After 18 hours flight on Aeroflot Ilyushin 62 jet with 3 stopovers in Budapest, Sal Island (Cape Verde) and Brazzaville (Kongo) we finally landed in Luanda on August 7, 1981. A week later, upon a very warm (but slightly too much overboozed in the evenings) check-in party with my new colleagues and job induction at the Soviet Military Mission in Luanda I was assigned to go to Onjiva and to relieve the interpreter in the 11th Infantry Brigade who was supposed to travel back to the USSR to enjoy his 45 days yearly leave. So, after a quick journey to the capital of the 5th Military Region and a brief stay there, I finally reached the Soviet Military Mission in Onjiva on August 14th and the next two weeks were the most memorable in my life. I was treated by my new family as if I was “a son of the regiment”. We had a fantastic team and spent time after work hours together either playing volleyball and socker or gathering in the mission lobby for a movie since we had a 35 mm projection unit and a selection of film strips. Four ladies – the wives of our officers- who hadn’t left for home back to the USSR yet – were very keen on cooking so I would get invitations for mommy-like-home-made dinner nearly every day. One at a time in order not to hurt the feelings of the ladies.
Paradise turned into hell on August 25.
Two short flashes in the night sky ... and a small border town, the capital of Cunene province, plunged into darkness. An accurate hit of two missiles destroyed the local electrical substation and the headquarters of the district border troops. The languid August silence of the cool African night was broken by the sirens of the fire brigade's cars. The tart and heavy smell of gunpowder filled the air.
Half an hour later, the entire group of military advisers gathered at an emergency meeting with the brigade commander, Major Jose Afonso Maria. (The tardy application to assign him the next military rank got stuck somewhere in the offices of the FAPLA General Staff in Luanda). It was necessary to decide what to do with the members of the Soviet families, i.e. with the wives of the four advisers. All the chances for evacuation had been lost. From the "mirages" that had just fired at the city, leaflets were dropped with a joint appeal by the South African occupation forces and the UNITA rebel group to the local civilian population. From these leaflets it followed that all escape routes were cut off for our brigade, and the head of an FAPLA officer or a Soviet adviser would serve as a pass from the iron ring. Nothing was specified about the family members of the Soviet advisers, but it was clear that the only white-skinned at that time were only us, the Russians. Rare Portuguese left the city shortly before.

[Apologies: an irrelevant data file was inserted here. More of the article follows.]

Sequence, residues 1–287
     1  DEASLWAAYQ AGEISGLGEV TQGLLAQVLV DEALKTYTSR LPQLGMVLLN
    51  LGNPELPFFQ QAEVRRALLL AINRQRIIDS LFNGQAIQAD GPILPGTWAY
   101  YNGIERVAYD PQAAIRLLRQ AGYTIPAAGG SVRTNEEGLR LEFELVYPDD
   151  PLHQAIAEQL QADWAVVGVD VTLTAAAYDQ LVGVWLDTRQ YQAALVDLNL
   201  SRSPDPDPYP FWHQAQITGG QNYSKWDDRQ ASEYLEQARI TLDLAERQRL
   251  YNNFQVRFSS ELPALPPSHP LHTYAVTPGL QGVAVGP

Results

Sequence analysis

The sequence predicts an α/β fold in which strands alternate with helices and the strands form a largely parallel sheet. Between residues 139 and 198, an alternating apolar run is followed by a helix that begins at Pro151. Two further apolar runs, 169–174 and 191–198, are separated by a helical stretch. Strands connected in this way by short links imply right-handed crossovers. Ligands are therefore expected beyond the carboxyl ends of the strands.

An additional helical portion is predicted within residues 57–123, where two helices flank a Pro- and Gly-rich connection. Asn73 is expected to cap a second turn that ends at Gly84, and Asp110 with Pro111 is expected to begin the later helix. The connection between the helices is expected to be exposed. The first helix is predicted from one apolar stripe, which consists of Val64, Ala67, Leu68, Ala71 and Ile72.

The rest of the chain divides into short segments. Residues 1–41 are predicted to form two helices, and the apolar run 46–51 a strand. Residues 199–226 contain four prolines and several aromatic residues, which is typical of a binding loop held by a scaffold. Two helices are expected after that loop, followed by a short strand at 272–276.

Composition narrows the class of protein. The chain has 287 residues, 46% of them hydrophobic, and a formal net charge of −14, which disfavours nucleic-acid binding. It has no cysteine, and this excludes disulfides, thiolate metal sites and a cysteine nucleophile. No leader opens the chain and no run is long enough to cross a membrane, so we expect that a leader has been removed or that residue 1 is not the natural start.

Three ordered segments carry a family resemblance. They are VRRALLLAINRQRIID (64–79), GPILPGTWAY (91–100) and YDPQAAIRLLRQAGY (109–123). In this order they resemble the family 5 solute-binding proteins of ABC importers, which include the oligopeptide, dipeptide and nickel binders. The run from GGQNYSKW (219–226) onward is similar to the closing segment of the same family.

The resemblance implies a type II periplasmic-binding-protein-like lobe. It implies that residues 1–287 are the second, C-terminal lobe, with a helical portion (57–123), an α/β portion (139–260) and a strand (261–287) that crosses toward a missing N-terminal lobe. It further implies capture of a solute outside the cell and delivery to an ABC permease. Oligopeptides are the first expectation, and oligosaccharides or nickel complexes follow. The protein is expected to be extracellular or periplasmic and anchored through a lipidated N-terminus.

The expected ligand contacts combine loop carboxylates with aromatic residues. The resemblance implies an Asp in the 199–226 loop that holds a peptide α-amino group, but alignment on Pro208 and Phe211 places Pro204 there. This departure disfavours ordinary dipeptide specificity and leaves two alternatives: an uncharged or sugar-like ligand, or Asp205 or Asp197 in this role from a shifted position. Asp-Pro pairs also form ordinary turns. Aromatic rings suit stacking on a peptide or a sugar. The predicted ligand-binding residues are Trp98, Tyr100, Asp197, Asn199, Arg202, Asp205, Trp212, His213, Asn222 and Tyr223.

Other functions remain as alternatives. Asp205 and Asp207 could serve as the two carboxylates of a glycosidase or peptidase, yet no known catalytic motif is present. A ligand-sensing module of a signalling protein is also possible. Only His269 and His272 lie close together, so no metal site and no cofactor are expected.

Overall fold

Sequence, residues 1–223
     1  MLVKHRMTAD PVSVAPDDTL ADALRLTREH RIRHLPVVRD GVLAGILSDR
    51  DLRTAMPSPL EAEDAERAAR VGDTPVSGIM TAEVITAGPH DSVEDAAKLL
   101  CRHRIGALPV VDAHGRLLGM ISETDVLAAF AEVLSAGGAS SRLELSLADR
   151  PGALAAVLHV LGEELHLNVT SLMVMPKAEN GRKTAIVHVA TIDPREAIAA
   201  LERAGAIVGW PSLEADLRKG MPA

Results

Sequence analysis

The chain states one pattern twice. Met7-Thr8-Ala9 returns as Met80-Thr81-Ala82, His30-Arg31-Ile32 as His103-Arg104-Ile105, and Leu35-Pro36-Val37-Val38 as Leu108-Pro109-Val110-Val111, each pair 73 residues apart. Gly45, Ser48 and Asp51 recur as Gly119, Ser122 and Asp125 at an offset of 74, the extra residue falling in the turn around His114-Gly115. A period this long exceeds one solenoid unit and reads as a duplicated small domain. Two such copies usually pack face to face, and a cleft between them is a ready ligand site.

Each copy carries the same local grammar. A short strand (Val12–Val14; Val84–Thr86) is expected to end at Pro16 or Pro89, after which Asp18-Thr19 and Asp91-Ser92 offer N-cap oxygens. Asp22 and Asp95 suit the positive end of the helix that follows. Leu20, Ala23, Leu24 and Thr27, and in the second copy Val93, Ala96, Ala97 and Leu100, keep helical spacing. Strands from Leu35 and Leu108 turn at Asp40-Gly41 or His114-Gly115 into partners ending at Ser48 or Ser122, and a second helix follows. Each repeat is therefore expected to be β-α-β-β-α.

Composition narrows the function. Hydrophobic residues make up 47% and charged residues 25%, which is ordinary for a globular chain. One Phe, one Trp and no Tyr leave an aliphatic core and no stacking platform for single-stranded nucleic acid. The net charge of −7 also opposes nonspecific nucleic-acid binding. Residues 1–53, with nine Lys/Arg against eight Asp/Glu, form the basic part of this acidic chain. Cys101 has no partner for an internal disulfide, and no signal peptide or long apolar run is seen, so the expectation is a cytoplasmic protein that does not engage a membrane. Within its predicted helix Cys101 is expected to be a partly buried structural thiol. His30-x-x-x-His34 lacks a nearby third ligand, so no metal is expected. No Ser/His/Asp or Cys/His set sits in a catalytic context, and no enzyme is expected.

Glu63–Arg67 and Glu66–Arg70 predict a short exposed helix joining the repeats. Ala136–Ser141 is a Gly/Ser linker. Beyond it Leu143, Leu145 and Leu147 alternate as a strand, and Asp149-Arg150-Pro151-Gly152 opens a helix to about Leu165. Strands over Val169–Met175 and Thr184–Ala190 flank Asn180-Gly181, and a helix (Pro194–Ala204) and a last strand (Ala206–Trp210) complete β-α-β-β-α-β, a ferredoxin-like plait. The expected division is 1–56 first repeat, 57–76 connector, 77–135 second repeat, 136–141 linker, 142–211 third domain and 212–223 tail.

Just overnight the Cunene Province Commissioner of the MPLA-PT comrade Sinedim (whom we christened among ourselves by consonance in Russian - Blue Smoke) visited the Soviet military mission and suggested, before it was too late, to move our women on horseback through the Mupa National Park to Lubango. However, no orders to that effect had been ever received from our command, and our senior did not dare to make an independent decision. And now, when all the possibilities to get our women out of the encirclement had been lost, all Soviet officers, together with their wives, had to urgently move to a fortified command post, since early in the morning at any moment shelling of the city could begin, followed by a raid of fighter aircraft.